The Textile and Garment Manufacturers Association of Tanzania (Tegamat) has charged its government to take on its responsibility of cracking down on textile felons within the country.
They noted that these smugglers smuggle clothes in from other countries, which offsets the market share of local textile dealers.
Last week, Africa’s richest man Dangote shared a similar grievance towards the familiar foe. He too demanded that the Nigerian government crackdown on textile smugglers and issue the harshest punishment possible for such a crime. Read Story here.
On Thursday, however, reports of irate Tanzanian textile merchants demanding that the Tanzanian government resolve the issue of textile smuggling made headlines.
Tegamat executive secretary Adam Zuku made the call during a stakeholders’ meeting in Dar es Salaam.
The executive secretary disclosed that some bad apples in their industry were sabotaging local producers by importing clothes contrary to the government’s regulations, thereby allowing the country to lose billions in tax revenue.
“We ask the government to take stern measures, including prosecuting all smugglers. It’s an open secret that the government loses a lot of money due to this kind of sabotage.” Mr. Zuku said.
He also disclosed that the Tanzania Revenue Authority (TRA) recently seized two containers in Tabata, Dar es Salaam, which were full of clothes that had been illegally smuggled into the Tanzanian borders.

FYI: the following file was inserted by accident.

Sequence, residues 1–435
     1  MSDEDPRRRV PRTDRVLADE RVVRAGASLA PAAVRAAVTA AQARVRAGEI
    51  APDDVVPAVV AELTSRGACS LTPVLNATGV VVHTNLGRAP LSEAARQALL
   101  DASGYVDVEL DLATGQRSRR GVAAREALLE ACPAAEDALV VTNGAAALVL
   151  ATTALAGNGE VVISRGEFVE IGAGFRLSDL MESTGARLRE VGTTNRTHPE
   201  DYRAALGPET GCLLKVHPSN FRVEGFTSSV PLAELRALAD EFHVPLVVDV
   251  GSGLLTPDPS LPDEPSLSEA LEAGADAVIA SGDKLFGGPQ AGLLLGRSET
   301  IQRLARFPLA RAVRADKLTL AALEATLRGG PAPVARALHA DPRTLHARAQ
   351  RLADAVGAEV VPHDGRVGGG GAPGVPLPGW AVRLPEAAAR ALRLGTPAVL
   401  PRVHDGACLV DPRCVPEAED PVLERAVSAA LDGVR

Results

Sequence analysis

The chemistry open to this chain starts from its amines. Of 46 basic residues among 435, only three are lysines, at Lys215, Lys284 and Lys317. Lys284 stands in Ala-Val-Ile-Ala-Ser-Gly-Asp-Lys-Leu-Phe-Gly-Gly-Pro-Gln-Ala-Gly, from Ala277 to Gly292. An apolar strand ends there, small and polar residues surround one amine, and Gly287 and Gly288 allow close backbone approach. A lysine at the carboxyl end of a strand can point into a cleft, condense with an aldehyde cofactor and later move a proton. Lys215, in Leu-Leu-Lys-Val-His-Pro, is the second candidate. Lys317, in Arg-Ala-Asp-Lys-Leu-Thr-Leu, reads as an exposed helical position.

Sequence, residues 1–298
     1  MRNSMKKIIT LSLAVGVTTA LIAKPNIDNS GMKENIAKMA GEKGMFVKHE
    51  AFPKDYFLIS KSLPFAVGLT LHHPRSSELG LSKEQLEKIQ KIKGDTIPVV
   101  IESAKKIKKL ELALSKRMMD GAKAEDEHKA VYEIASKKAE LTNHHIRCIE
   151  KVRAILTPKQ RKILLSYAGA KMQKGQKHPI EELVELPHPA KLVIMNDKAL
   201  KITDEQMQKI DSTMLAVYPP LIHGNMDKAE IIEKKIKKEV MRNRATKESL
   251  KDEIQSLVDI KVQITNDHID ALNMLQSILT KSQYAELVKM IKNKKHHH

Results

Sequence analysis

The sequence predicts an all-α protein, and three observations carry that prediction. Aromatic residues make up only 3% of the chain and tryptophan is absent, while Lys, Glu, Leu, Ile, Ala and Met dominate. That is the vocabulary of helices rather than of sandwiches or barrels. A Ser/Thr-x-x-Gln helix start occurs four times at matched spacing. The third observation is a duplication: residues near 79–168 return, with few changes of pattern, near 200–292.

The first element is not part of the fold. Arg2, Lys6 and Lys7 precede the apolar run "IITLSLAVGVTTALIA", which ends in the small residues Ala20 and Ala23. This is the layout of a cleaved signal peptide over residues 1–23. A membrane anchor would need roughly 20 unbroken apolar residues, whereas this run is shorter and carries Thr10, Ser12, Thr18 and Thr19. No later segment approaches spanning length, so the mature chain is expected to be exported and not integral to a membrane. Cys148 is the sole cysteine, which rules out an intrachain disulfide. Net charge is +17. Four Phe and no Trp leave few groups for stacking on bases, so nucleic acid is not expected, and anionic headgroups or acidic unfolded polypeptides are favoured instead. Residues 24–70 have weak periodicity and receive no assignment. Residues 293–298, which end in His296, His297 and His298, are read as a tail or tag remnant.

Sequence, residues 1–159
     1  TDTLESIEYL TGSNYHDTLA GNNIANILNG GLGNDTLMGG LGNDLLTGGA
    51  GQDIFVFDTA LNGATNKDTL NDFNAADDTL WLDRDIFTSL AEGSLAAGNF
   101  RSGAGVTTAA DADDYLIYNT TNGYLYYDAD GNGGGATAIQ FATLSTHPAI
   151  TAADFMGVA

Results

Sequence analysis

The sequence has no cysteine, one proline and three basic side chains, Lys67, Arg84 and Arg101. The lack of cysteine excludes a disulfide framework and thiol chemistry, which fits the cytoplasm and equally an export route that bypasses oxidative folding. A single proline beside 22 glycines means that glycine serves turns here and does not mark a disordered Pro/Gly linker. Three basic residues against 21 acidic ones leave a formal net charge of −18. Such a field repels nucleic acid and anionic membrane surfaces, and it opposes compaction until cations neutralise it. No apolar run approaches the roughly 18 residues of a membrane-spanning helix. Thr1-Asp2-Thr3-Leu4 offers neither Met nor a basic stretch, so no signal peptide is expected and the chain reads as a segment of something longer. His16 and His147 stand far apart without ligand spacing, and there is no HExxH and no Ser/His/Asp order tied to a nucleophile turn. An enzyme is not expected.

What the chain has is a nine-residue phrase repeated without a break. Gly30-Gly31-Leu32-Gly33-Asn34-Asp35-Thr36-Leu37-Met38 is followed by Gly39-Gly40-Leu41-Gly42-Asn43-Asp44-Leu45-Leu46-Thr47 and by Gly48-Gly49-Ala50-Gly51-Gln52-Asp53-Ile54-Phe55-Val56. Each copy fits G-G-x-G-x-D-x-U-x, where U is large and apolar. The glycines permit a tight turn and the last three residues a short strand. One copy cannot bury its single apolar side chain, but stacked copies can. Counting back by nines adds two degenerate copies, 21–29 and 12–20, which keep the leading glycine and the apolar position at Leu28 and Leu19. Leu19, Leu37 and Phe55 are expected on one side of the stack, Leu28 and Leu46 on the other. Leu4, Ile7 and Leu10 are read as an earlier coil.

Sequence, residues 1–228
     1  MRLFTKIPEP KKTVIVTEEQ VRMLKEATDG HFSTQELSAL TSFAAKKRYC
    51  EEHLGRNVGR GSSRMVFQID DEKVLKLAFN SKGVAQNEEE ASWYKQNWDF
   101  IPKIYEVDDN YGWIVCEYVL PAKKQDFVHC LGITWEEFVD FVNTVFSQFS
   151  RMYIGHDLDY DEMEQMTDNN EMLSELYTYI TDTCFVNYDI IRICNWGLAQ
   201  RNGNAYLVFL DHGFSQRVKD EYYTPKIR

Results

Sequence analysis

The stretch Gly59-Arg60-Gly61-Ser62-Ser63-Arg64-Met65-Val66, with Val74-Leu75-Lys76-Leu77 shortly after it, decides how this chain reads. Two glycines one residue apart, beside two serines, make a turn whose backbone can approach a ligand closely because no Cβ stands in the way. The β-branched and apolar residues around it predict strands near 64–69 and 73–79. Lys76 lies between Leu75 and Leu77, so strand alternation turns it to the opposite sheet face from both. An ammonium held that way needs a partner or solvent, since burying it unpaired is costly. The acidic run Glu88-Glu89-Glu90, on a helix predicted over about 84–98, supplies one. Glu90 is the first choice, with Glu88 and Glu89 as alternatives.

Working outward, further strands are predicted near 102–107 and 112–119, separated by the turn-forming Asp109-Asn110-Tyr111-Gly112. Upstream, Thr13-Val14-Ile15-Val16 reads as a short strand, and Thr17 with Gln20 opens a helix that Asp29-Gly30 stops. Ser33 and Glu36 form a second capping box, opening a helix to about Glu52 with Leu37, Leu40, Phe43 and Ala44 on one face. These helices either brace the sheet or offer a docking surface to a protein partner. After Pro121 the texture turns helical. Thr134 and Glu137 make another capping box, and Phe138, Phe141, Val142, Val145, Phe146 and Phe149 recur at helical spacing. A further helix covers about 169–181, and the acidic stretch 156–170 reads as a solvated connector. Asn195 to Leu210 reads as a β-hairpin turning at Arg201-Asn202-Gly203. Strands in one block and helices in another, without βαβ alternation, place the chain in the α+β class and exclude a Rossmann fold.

These sorts of activities have had devastating effects on the Tanzania textile economy, and local producers are outputting less owing to paranoia in the industry.
“Smuggled clothes are sold at much lower prices, affecting local manufacturers. This is because local producers are unable to meet production costs, unlike smugglers, who don’t pay tax.” He said.
The executive secretary went ahead to note that the only viable option at this point is that these smugglers are dealt with to the full extent of the law.
He noted that the 17 garment factories in 2000, have dropped to only eight. These factories are currently operating at 40% to 60% of their capacities due to instability in the market brought about by crooked competition.
Mr. Zuku also said some importers pay little or no taxes, which means that local producers cannot compete.